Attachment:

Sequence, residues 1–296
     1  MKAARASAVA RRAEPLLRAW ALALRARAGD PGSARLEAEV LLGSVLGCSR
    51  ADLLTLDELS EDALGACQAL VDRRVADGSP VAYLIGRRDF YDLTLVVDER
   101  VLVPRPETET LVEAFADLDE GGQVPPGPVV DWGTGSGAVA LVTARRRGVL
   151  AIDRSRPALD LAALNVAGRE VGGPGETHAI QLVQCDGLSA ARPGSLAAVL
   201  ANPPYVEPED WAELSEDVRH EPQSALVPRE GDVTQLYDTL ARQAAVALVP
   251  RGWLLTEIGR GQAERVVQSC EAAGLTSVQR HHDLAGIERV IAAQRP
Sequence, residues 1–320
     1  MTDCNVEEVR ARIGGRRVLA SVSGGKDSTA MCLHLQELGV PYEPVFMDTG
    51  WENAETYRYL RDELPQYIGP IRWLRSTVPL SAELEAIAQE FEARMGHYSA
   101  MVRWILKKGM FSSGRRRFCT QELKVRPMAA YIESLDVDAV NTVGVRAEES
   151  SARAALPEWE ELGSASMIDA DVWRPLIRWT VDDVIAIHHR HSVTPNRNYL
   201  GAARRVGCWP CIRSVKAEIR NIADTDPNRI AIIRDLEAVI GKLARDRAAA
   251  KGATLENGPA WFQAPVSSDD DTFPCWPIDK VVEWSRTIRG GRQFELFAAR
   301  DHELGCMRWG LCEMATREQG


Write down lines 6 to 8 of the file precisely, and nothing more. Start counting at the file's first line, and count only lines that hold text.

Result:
   201  ANPPYVEPED WAELSEDVRH EPQSALVPRE GDVTQLYDTL ARQAAVALVP
   251  RGWLLTEIGR GQAERVVQSC EAAGLTSVQR HHDLAGIERV IAAQRP
Sequence, residues 1–320